Confess your hopes and dreams to one another so that you may discern God’s direction. The prayer of a righteous person is powerful and effective

Where Was God Last Week?

Family home destroyed in Gaza.

Let’s not mince words here. There were quite a few moments last week where a direct intervention by God would have been really timely:

  • Israeli bombs falling on children playing soccer on the beach in Gaza, to say nothing of the homes being demolished and the civilians who are losing their lives in the current conflict.
  • A civilian airliner was shot down over Ukraine.
  • Children from Central America are fleeing gang violence and rape, seeking refuge across the U.S. border.
  • Not to mention the communities in Africa struggling to find clean drinking water and viable farm land, human trafficking that’s destroying lives throughout Southeast Asia, and the civil war sweeping through Iraq.

Where is God right now?

When I wrote about this particular issue for my Christian Survival Guide, I had other tragedies in mind. However, we don’t have to look long before we find particular moments that punch us in the gut and leave us speechless. Perhaps one of these events from last week did that to you. I know they did that to me.

As I wrestled with these events and the place of God, I confess that I can’t line up certain ways of reading the Bible with what I’m observing. I can’t say that God is predestines every event according to a precise plan.

Also, throughout scripture, God routinely offers people choices, saying their actions will determine what kind of future they have.

I would rather have no God than a God who mysteriously orchestrates the death of children for a higher purpose.

I know that some people join me in that assessment, while others can handle that tension better (I only use the word tension to be charitable to their perspective). I also admit that my point of view doesn’t resolve every question or problem. Nevertheless, we are left with these pressing questions:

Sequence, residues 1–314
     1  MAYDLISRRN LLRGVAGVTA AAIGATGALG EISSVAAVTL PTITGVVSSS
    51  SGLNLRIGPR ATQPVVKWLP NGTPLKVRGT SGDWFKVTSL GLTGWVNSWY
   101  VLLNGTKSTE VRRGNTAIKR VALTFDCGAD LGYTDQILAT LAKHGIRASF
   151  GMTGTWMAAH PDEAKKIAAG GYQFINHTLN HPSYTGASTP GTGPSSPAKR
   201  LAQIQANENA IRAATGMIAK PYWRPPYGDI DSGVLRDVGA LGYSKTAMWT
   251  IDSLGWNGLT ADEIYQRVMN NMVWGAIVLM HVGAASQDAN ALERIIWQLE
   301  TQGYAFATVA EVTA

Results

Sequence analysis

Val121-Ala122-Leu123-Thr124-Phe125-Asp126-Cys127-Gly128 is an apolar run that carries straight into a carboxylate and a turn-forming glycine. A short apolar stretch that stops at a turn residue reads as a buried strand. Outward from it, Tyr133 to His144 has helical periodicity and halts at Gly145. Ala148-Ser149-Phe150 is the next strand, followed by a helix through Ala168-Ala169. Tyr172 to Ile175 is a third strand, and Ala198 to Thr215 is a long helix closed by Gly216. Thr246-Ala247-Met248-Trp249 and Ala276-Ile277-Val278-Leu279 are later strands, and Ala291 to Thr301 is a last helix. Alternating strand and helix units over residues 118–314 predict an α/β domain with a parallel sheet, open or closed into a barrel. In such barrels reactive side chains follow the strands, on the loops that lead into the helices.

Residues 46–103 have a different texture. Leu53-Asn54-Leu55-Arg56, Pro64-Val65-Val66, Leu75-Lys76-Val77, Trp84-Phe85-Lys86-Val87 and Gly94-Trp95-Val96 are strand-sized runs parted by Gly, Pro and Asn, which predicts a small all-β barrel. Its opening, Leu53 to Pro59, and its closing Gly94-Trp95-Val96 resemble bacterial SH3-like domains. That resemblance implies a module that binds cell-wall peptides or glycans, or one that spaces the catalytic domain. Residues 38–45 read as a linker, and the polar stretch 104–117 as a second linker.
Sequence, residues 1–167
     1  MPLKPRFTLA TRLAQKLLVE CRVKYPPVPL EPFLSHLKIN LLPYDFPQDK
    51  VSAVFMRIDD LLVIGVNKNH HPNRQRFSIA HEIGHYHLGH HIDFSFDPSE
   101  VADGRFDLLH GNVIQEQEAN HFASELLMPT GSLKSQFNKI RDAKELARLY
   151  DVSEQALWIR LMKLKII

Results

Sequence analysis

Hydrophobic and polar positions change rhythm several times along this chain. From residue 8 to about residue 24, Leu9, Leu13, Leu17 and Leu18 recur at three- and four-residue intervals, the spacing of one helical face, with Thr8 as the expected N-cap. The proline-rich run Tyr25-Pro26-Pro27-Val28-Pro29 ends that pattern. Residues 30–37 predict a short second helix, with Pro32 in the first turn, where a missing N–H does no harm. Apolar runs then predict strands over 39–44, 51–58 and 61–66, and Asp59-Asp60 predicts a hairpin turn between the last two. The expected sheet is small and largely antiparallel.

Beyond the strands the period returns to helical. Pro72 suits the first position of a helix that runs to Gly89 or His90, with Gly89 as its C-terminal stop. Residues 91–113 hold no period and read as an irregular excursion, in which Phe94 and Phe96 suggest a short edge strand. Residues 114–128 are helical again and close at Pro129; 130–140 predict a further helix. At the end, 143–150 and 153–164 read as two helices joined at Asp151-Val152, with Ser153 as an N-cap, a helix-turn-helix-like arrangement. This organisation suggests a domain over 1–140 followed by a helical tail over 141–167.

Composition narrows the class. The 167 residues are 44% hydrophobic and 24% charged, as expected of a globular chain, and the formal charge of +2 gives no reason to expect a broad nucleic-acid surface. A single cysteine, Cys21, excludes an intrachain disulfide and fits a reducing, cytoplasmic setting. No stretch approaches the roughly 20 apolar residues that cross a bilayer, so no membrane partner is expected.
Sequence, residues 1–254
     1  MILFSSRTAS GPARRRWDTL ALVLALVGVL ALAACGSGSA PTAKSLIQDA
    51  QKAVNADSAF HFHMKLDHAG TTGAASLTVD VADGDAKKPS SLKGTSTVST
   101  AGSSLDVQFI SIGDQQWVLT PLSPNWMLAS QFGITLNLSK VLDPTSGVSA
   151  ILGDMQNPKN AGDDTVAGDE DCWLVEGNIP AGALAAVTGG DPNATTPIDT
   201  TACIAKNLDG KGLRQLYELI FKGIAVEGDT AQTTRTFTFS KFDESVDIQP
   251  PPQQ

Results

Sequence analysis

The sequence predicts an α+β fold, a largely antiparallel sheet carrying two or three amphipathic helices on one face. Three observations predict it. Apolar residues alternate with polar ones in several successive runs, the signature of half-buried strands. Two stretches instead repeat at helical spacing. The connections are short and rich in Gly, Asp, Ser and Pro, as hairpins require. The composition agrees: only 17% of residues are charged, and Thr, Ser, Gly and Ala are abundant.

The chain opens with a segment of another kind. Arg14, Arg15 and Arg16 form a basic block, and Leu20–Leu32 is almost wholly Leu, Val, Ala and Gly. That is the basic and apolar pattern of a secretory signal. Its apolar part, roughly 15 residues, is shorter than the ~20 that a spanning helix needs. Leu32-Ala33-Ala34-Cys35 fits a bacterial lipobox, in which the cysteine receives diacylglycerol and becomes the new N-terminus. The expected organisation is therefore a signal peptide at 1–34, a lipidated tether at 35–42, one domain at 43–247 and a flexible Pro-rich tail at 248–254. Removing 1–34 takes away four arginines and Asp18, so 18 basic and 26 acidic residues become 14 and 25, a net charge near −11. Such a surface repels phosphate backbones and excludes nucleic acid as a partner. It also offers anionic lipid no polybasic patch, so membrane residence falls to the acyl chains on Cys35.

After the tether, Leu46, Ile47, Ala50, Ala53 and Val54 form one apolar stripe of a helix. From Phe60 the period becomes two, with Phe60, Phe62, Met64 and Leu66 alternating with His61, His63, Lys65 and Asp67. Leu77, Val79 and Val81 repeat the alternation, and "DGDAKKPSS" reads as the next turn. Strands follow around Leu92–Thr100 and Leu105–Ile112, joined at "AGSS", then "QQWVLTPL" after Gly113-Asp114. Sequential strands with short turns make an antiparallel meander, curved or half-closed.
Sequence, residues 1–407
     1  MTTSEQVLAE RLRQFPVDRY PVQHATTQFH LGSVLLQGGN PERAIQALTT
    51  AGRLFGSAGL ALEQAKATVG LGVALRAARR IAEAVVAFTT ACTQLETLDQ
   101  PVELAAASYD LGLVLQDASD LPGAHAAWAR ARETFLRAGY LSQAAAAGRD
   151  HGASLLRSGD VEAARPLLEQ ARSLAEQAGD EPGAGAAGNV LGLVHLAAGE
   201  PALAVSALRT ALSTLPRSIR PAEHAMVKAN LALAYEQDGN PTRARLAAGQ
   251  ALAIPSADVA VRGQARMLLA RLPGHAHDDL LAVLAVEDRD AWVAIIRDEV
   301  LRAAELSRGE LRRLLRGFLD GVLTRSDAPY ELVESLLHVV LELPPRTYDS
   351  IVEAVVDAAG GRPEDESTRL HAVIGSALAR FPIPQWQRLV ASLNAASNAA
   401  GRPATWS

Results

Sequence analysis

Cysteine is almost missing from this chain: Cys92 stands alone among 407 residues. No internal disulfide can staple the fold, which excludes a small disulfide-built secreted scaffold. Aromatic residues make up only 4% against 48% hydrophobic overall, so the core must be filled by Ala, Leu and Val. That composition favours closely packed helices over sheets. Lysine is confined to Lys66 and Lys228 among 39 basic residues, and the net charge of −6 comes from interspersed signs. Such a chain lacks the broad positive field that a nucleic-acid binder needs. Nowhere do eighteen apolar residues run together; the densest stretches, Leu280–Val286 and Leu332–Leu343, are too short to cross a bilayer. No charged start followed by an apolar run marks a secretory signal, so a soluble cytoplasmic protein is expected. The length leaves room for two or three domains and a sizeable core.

What should we make of a God who doesn’t always deliver us from evil?

Where is God when great acts of evil are unleashed in our world?

It’s not enough to say that Jesus bore evil on the cross. That’s a good starting point, but it comes up empty from my perspective. Yes, he didn’t fight back. Yes, he bore evil and defeated it by rising again. There is some comfort in that, but it doesn’t resolve the role of God right now. What is God actually doing about the problem of evil in our world?

I don’t think I can resolve this in a single blog post. And even my chapter on God and the problem of evil in A Christian Survival Guide is more of an overview, but let me offer a direction to explore.

What if part of the resolution to the problem of evil is Pentecost?

There is a trajectory throughout scripture of God desiring to dwell among his people, of renewing their hearts and minds, and even guiding them. “God among us” strikes me as the goal throughout the Old Testament prophets. When Jesus came, he wasn’t setting up a one-time, God among us event that ended with the cross and resurrection. He was leading us to something bigger: Pentecost.

The point on which everything in the ministry of Jesus turns for me is Pentecost. The cross and resurrection established God’s take on suffering—suffering alongside us, overcoming evil with resurrection. However, the power of God was released into our world through Pentecost.

Pentecost establishes God’s new way of interacting with our world—his Spirit working through us. Jesus reminded his followers that he would not leave them as orphans because the Spirit would come to dwell among us. That isn’t to say God’s presence in the world is limited to the Holy Spirit, but if we’re wondering “how” God interacts with our world, part of the answer may be found by looking at the indwelling Spirit.

Is God present in the world? Yes. In many ways and places.

However, one of God’s chosen ways of interacting with our world is incarnational and relational, guiding those who have received the Spirit and are willing to let him guide them. How is the Spirit leading us to interact with the pain and suffering in the world? How can God use us to bring redemption and restoration?

This isn’t the efficient, lightening strike resolution I’m personally longing for. I’d still like God to step in and shield the innocent from artillery and missiles. I can’t resolve the problem of a powerful God stepping back as these tragedies unfold. However, I don’t see God working behind the scenes to make these things happen.

I see God dwelling among us, mourning with those who mourn, and empowering those willing to change things.

If we want to find God in the midst of suffering, we should no doubt look to the cross, but don’t stop there. Look at Pentecost. God is bearing our pain alongside us. God is here to help us bring peace and redemption.

Pentecost means that God may well be right here alongside us, encouraging us to ask all of the same tough questions and to never settle for a trite answer.